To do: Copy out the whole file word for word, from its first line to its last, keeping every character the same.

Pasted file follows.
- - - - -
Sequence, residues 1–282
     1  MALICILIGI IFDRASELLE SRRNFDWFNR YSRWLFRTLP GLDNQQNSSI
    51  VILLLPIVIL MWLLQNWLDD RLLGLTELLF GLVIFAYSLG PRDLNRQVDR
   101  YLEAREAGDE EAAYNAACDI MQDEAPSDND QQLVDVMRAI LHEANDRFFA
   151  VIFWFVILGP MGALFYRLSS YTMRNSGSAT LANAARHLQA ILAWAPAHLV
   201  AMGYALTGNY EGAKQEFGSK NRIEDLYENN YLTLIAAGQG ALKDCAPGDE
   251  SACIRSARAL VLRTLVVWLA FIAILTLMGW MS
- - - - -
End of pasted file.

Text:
Sequence, residues 1–282
     1  MALICILIGI IFDRASELLE SRRNFDWFNR YSRWLFRTLP GLDNQQNSSI
    51  VILLLPIVIL MWLLQNWLDD RLLGLTELLF GLVIFAYSLG PRDLNRQVDR
   101  YLEAREAGDE EAAYNAACDI MQDEAPSDND QQLVDVMRAI LHEANDRFFA
   151  VIFWFVILGP MGALFYRLSS YTMRNSGSAT LANAARHLQA ILAWAPAHLV
   201  AMGYALTGNY EGAKQEFGSK NRIEDLYENN YLTLIAAGQG ALKDCAPGDE
   251  SACIRSARAL VLRTLVVWLA FIAILTLMGW MS